By Aymen Sherwani, January
Party leaders in Canadian federal politics can have more influence over the general public than the actual reputation of the party itself, as is the case for the current New Democratic Party leader, Jagmeet Singh. Since the party’s emergence in 1961, the NDP have held the position of the Official Opposition only once, under the charisma of the late Jack Layton in 2011. Does Singh have the potential to change the party’s trajectory?
In Alberta, the line between provincial and federal parties and politics blurs. After four years of a provincial NDP government, many Albertans are wary of the party’s federal equivalent. Still, one can be optimistic about the difference Singh has the capacity to make.
As the first non-white leader of any federal party in Canada, Singh went viral in September 2017 for his response to a racist heckler who confronted him with accusations of being “in bed with Sharia and the Muslim Brotherhood” due to the fact that he is a brown-skinned man who wears a turban. Singh, a follower of Sikhism, later commented on his response.
“Many people have commented that I could have just said I’m not Muslim. In fact, many have clarified that I’m actually Sikh,” he said. “While I’m proud of who I am, I purposely didn’t go down that road because it suggests their hate would be okay if I was Muslim.”
While Singh is not a Muslim, the xenophobic tirade projected at him by a white woman represents a Canada that is still unable to differentiate between Muslims, Sikhs and terrorists. It represents a Canada that is still uncomfortable with seeing anyone other than a white man leading the nation. Many South Asian immigrants — myself included — have had this rhetoric aimed at them in a post-9/11 world, regardless of their professions. Thus, many of us are more inclined to vote for NDP representatives in hopes of seeing Singh in office, regardless of individual candidates’ policies.
These sentiments are shared among students on campus. Shaina Roshan, a biological sciences student at the University of Calgary, expresses that the reason she supports the NDP is because “Jagmeet is the ‘Canadian Obama.’
“No one believed in [Obama] at first either because he wasn’t white and [they] thought his platform was too idealistic. But because enough people believed that he was their man, he won,” she said. “Jagmeet represents the hidden side of Canada which isn’t represented in our predominantly white government and that side is the one filled with hard-working immigrants and people of colour that have made Canada what it is today.”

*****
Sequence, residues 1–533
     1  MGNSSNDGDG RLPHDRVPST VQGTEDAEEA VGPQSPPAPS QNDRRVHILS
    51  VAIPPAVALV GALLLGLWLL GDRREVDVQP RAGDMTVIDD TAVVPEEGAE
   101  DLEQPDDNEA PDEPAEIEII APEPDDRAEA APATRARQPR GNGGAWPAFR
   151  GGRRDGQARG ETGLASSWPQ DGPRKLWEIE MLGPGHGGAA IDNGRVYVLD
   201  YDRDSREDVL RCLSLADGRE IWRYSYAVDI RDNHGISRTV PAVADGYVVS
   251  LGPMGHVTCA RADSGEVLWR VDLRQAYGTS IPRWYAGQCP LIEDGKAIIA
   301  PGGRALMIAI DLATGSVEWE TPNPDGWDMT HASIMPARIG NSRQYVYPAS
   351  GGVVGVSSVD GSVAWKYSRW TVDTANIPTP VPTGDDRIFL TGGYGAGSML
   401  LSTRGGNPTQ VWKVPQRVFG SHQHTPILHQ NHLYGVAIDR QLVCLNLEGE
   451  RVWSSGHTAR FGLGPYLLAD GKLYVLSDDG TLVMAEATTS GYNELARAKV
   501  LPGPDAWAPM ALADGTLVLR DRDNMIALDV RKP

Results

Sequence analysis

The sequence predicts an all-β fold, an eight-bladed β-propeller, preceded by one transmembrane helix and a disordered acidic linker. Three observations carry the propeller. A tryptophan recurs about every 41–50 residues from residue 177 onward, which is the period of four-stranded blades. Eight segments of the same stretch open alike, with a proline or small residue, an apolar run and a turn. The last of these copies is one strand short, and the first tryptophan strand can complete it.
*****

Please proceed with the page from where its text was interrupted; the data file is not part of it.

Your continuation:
While there may be surface-level similarities between the two leaders, Singh’s policy platform brings with it skepticism, especially from dissatisfied Albertans who feel NDP changes have done more harm than benefit to them. To many Albertans, reviewing Singh’s economic platform seems like a repeat of the policy reforms they have had to live with for four years under a provincial NDP government.
When looking at the actual platform Singh brings forward, the leader of the NDP has been a strong advocate of raising minimum wage to $15 an hour at a federal level, which has already been in effect in Alberta since late 2018. Singh says he wants his efforts to aid the “millions of Canadians that are living in poverty” through such a minimum wage increase, but fails to acknowledge that the low-income people living in Alberta, many of whom are students, are the ones who are most affected by inflation that can result from wages increases.
When Alberta’s corporate tax was increased from 10–12 per cent in 2016 under the NDP, businesses were less inclined to invest in Alberta over British Columbia and Ontario as unemployment rates skyrocketed. However, Jagmeet Singh plans to follow suit at a federal level. For many Albertans, the NDP has not acted in their economic interests. Though the provincial and federal NDP parties do see certain issues differently, such as pipelines, many Albertans don’t want to make the same mistake when voting for the party they think can bring the most positive change at the federal level.
So while support for Singh may be growing in provinces like Ontario and B.C., where NDP policies are relatively feasible, the problem is that Alberta simply does not trust the NDP anymore. Whether Singh’s individual influence as a non-white candidate with a focus on of altruism can sway voters remains to be seen.
Aymen Sherwami is a second-year business (accounting) major at the University of Calgary. She writes a column for the Gauntlet about issues that are affecting students called “Get It Together, People”